Getting stuff in the mail is great. Getting a shipment of beads in the mail is awesome. Perler beads hold so much potential; they can become anything you want them to be. They can be made into a Dragon, a Grumpy cat, or Grandma.
I have another shipment coming in middle of next week. I’m actually gonna be getting some sparkles, some stripey, and some pearlescent beads as well as 15k more black beads, and my 4th 22k tub-o-assorted beads. I’m spending like, $75 a month on this hobby, but it is well worth it.
Make sure to put something on the medium/heavy side on top of your perler immediately after fuse; if you don’t, the will warp at the edges, and you will have to heat it back up to get it to lay flat again. I’ve seen other people use heavier items like dictionaries, but I don’t see the benefit. I’ve had success with DVDs and smallish books.
If you can, take your creation off the pegboard before it’s cooled (don’t burn your fingers!) and lay it on a piece of parchment paper, give it a few passes with the iron to heat it up a little before putting another piece of parchment on top, and then applying the weight.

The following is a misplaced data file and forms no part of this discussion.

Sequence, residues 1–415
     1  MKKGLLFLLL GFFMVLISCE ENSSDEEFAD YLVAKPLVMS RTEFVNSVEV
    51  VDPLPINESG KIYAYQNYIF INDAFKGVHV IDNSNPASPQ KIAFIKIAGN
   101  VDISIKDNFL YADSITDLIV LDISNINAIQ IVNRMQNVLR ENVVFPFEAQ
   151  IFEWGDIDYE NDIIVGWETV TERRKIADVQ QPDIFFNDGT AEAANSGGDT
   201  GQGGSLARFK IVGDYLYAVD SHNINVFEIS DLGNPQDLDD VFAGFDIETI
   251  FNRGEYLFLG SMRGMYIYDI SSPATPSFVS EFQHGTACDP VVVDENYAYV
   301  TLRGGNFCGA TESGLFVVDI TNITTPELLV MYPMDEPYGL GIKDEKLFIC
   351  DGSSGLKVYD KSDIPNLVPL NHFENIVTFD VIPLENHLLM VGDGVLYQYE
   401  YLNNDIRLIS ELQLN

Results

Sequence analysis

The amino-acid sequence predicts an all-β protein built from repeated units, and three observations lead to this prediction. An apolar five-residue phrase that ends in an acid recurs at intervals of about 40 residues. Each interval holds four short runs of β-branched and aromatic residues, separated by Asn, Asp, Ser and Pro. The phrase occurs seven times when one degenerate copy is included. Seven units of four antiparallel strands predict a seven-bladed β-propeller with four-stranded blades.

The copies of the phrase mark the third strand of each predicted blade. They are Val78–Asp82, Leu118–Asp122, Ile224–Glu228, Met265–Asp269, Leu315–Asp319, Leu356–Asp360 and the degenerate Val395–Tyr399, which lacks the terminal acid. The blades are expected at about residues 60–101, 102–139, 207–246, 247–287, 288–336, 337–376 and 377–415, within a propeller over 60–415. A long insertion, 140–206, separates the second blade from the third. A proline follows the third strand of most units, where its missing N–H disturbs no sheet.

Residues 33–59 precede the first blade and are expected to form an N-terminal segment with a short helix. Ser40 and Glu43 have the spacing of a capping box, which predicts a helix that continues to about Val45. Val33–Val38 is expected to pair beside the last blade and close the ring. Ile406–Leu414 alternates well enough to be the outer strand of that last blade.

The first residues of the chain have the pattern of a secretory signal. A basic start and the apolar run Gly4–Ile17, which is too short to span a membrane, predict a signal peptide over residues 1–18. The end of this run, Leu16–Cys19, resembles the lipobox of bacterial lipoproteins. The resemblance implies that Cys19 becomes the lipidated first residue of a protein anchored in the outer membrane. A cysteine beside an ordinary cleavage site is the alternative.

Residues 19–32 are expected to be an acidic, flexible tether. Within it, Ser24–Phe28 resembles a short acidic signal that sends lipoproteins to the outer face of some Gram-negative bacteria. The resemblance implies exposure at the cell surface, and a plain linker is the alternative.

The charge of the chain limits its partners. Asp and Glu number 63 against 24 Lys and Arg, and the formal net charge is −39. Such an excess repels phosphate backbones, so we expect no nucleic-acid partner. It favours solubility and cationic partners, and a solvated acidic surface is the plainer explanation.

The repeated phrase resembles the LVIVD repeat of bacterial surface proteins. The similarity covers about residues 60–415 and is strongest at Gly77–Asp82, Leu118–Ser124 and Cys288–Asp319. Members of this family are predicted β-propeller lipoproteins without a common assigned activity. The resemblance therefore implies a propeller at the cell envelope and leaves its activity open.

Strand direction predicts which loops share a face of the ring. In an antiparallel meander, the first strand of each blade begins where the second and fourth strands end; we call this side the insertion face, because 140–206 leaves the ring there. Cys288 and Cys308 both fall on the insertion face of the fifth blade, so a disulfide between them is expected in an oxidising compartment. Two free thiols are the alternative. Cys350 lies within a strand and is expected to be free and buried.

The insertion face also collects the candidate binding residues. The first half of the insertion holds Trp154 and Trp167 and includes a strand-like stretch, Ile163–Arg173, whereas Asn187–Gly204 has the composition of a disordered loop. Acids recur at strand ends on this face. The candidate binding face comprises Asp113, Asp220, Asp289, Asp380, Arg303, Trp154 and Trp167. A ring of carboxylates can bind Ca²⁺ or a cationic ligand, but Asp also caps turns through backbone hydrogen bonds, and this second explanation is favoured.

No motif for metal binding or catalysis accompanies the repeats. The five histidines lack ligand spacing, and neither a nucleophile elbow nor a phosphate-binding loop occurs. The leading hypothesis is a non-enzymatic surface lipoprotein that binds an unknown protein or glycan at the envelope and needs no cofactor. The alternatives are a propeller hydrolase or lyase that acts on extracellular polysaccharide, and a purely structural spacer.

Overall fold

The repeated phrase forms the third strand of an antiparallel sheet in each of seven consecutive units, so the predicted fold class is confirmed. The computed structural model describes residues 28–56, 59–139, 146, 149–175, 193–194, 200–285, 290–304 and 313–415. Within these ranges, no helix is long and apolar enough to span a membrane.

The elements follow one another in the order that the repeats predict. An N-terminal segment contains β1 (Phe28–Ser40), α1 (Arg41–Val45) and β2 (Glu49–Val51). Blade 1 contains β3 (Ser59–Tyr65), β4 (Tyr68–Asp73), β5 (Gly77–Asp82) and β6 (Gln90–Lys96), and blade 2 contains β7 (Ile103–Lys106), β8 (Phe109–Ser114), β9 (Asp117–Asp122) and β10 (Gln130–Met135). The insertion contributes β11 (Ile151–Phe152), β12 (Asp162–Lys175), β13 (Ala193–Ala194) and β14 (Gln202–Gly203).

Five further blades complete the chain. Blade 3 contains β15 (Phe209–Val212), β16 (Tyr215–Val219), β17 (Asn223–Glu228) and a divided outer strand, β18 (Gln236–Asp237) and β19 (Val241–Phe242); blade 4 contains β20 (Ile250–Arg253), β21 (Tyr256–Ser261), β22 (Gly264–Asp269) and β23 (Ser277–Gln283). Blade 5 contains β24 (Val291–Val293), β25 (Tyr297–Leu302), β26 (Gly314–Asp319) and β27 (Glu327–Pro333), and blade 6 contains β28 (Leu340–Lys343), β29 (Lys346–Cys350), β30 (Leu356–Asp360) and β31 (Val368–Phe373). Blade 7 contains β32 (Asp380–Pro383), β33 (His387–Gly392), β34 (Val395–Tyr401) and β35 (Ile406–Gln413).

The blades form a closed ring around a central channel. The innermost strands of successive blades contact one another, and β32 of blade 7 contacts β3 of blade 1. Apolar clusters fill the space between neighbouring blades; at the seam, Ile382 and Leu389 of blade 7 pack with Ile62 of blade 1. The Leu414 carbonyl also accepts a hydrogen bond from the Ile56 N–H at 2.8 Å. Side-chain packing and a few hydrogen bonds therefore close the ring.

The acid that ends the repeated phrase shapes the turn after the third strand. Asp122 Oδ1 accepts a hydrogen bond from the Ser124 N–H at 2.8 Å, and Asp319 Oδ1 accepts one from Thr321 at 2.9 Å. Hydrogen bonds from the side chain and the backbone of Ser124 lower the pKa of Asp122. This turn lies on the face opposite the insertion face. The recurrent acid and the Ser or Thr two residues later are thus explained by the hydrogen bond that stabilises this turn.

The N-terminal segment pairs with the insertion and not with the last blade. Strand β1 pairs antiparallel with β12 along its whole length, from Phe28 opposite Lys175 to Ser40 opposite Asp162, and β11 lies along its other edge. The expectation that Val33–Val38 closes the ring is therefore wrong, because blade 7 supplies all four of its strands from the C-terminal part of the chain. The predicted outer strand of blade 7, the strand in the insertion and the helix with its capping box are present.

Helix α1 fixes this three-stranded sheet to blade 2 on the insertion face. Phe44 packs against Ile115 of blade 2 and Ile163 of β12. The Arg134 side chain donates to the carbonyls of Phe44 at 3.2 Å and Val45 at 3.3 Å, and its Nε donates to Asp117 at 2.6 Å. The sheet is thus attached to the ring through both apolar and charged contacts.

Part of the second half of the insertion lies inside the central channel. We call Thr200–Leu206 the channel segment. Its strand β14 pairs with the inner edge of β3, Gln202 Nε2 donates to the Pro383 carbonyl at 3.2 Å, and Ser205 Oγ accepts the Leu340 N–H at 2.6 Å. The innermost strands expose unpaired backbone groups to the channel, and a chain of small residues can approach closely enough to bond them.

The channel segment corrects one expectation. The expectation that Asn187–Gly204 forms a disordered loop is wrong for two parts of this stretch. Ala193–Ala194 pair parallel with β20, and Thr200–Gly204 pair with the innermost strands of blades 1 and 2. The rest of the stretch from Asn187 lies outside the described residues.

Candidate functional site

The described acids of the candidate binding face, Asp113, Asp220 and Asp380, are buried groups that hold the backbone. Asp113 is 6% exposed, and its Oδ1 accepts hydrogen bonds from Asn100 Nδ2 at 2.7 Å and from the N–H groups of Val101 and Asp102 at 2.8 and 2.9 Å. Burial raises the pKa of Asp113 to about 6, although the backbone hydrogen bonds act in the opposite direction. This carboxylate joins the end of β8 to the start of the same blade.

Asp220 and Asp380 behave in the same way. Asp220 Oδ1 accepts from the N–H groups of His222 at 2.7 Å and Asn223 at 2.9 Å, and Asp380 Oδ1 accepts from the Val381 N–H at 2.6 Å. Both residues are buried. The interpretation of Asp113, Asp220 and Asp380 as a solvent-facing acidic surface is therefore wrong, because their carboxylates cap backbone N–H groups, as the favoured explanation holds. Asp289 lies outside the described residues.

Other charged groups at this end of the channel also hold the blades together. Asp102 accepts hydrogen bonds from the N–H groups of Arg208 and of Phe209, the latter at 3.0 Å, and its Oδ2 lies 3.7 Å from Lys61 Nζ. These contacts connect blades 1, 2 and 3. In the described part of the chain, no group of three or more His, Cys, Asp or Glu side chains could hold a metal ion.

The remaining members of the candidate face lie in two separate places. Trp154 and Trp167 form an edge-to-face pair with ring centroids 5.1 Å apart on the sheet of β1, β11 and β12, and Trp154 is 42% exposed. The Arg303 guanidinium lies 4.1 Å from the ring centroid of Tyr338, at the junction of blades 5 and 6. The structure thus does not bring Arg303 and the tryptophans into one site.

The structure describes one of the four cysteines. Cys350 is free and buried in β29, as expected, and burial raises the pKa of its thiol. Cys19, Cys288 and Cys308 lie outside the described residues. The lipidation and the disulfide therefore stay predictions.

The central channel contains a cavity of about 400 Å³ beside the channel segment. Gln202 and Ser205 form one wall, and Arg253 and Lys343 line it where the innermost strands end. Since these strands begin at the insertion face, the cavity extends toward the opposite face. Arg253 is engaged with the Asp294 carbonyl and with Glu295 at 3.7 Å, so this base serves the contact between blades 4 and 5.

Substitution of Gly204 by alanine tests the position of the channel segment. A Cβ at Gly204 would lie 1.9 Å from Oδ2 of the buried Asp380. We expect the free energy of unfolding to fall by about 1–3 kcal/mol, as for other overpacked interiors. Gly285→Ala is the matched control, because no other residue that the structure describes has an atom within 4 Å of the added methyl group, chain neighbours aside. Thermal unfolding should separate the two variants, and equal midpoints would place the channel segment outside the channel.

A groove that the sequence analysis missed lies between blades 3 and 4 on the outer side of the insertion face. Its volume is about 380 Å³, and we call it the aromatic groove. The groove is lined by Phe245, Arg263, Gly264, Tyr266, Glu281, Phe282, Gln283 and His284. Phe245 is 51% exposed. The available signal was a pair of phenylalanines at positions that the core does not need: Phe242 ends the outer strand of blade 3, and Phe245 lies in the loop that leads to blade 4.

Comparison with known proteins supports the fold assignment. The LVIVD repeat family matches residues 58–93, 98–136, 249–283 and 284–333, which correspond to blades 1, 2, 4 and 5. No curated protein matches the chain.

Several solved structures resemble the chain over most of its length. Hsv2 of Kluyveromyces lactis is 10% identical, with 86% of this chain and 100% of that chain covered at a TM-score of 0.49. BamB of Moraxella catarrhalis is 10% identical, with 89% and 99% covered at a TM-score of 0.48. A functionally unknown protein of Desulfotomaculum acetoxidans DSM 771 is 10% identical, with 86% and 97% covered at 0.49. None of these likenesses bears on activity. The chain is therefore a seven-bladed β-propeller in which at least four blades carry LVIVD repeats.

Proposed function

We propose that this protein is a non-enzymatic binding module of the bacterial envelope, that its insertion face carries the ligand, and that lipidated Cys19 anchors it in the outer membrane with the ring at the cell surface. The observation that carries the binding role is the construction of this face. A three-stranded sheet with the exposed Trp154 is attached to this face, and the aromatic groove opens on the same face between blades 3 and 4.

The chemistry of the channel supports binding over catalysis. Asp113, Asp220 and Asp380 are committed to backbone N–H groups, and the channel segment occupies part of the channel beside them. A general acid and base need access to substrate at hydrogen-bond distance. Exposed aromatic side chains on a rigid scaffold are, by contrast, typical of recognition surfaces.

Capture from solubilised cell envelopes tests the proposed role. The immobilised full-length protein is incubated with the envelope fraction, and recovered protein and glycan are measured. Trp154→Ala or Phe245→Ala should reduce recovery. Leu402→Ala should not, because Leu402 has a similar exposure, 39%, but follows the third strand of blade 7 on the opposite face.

It doesn’t take much weight, all you really need is a couple of DVDs or books. 15-30 minutes should be fine to let it cool.
Beads are all sorted. It took forever, but I have time during the day to get it all done. I love the color palettes that come out as colors are removed from the mix.
I tend to separate by taking out the darker colors first since they stand out the most.
This bucket of 22,000 beads took about 4 days to separate. I doubt many people do it this way, but the way I see it, you either separate as you build, or you do it beforehand. I like that you know how many of any particular color you have so you can plan projects accordingly.
I got this bad boy from the Goodwill. It seems to work well enough.
I set mine right in the middle. At that setting, it seems to melt the beads at a good rate. I like that it is a smaller iron and not too heavy, but I have a feeling a heavier iron would do a better job. I plan to get a thermometer I can measure the temperature with so I can get an optimal setting.
A few unused ice cube trays worked great for the initial sort. Turns out it is also great so you can have your whole color palette with you as you build.
The 22,000 bead container has 30 different colors. This seems like a pretty good range to me. I can do a whole bunch of practice projects before I get the specialty colors I will need for the more complicated stuff I am planning.
Some of the colors are really close to eachother, though. It takes good lighting to separate some of the pinks, blues, and purples. I love that variety, though. I might get deeper white icecube trays next time I am at a Goodwill, though.